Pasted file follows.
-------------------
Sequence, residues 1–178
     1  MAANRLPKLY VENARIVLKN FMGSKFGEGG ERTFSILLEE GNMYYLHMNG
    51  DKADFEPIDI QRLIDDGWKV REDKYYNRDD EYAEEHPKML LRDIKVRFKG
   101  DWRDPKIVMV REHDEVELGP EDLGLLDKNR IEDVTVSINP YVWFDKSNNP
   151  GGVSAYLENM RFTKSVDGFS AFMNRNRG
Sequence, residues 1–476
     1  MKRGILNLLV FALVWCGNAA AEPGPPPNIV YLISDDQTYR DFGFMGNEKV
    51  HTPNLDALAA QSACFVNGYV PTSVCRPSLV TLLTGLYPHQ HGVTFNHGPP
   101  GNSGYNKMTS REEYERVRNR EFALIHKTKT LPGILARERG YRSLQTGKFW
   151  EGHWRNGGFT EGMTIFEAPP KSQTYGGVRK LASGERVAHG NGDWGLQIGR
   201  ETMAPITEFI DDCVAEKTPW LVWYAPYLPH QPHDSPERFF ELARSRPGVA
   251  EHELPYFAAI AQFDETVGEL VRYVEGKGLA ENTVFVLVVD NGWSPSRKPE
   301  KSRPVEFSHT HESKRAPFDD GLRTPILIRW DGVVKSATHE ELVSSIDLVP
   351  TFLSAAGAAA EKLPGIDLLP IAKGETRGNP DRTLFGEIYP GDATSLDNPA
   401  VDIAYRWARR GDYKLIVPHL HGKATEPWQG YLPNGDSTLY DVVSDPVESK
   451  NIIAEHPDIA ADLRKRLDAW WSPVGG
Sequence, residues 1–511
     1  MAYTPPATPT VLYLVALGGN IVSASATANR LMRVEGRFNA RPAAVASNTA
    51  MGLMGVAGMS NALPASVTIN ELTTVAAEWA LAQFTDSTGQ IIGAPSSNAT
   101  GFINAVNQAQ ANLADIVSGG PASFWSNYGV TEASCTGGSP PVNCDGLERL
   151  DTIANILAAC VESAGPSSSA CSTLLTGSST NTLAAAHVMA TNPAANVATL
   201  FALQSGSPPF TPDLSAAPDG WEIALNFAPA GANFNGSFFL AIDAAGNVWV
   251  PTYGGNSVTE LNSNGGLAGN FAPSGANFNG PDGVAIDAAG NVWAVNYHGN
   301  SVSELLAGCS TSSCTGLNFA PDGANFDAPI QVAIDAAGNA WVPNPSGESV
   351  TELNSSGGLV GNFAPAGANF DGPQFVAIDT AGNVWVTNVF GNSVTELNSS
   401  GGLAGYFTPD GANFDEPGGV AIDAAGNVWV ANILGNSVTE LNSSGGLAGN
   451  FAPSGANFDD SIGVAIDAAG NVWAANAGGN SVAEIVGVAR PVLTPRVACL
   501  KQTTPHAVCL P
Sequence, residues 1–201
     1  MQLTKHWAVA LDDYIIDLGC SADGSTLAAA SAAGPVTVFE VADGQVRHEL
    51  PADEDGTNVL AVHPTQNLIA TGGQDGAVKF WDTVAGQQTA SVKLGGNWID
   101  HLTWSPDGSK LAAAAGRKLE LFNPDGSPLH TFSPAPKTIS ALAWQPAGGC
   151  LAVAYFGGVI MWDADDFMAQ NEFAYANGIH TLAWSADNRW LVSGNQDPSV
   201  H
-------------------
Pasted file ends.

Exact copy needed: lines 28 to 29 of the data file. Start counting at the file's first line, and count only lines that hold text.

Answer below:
   501  KQTTPHAVCL P
Sequence, residues 1–201